[Nominee] is the [Title] at [Company]. She graduated with her PhD in molecular biology in 2015, then completed an MBA in technology commercialization from [School] in 2021—basically, she’s a big fan of learning new things.

One of [Nominee]’s biggest strengths is relationship building. Directly with others and also connecting others together. She is big on mentoring and helping her team achieve their own goals. She strives to help make sure people truly understand science. She works at not just being a scientist but being a resource to bring science to people – acting as a bridge between scientists and the general public. She has a strict dedication to upholding integrity and scientific standards, even when it’s difficult.

[Nominee] has led multiple product development teams to successfully launch innovative new projects, like [Company Product]. She goes above and beyond in her work and steps in projects, even when they are difficult. She heads up quite a few projects at [Company] and is always looking to help in any way that she can.

[Executive Leader] started an initiative called [redacted]. These [Teams] are small teams that lead product development tasks. [Executive Leader] asked [Nominee] if she would lead one and she immediately jumped on the task. She stepped right in and performed exceptionally well.

Most scientists keep to themselves and like to work in a silo. But that is not [Nominee]. She loves to collaborate and pull people into the conversation early – which according to [Executive Leader], a scientist himself, is rare for other scientists to do.

She has received multiple awards, both internally at [Company] (including Leader of the Year) and externally from scientific organizations. She’s a woman in a STEM field where women are still in the minority. Women make up under 50% of the workforce in life and physical sciences.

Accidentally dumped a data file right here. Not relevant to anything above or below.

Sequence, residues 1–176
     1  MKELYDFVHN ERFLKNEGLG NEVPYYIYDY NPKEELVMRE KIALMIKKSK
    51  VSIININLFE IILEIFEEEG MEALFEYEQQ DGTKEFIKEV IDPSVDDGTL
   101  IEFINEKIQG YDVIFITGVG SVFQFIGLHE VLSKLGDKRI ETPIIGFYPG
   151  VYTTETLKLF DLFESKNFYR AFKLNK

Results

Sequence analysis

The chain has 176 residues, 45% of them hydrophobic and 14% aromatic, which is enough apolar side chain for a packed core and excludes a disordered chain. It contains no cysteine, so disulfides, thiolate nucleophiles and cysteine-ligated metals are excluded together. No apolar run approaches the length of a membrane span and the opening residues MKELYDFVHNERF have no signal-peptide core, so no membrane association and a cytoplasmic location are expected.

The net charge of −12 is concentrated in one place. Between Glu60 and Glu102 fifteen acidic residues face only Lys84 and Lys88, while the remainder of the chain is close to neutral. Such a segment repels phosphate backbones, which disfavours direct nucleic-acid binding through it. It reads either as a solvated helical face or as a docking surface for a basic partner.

[Nominee] participates in both formal and informal mentoring at [Company]. Informal mentoring is something that she has tried to be very active with since she was in graduate school. [Nominee] is a trusted, sought-after leader both within and outside of [Company]. She is a part of the internal Women in Leadership group, helping to promote the professional growth of women at [Company].

In her MBA program, [Nominee] led a team competing in a statewide financial analysis competition – something she had no real experience in but was excited to learn about after having been selected to lead. [Nominee] always steps up to lead initiatives – there’s a reason a friend gave her a notepad that says, “Stop me before I volunteer again”!

[Nominee] is involved with several charitable organizations, including one that works to provide transitional housing to families experiencing homelessness. She has gone to the Utah State Capitol to lobby Congress about initiatives to reduce poverty in Utah. And she has coordinated the donation of [Company Donations] to an orphanage in Mexico.

In collaboration with another employee, [Nominee] worked to spearhead the establishment of a program to support [Company] families through a dedicated program allowing them to exchange used kid items. The two goals for the program were to reduce the inflation pain for employees by allowing them access to free items that they may need and to promote sustainability within the company through the re-use of items that would otherwise have been thrown away and then purchased new. While it’s not a big, flashy initiative, it’s something that I think can have a real impact on people’s lives and the world around us in a quiet way.

Her involvement in the company and all the projects she works on shows her leadership skills and how much trust [Company] executives have in her to do her job. [Nominee] is still quite young, yet her portfolio is amazing. Her boss [Executive Leader] believes that it is probable [Nominee] will earn more degrees as well as have a top 100 portfolio in the nation at some point in her life.

Melanie is the editor-in-chief of Utah Business. She worked as a curator and speaking coach at TEDxSaltLakeCity for five seasons, collaborating with some of Utah’s brightest minds. She also spent over 25 years in the medical device manufacturing industry and has specialized in various areas including international account management, product training, digital marketing and project management. Melanie is a frequent emcee, panelist and podcast guest, and produced her own dental products podcast starting in 2006, before podcasting was cool.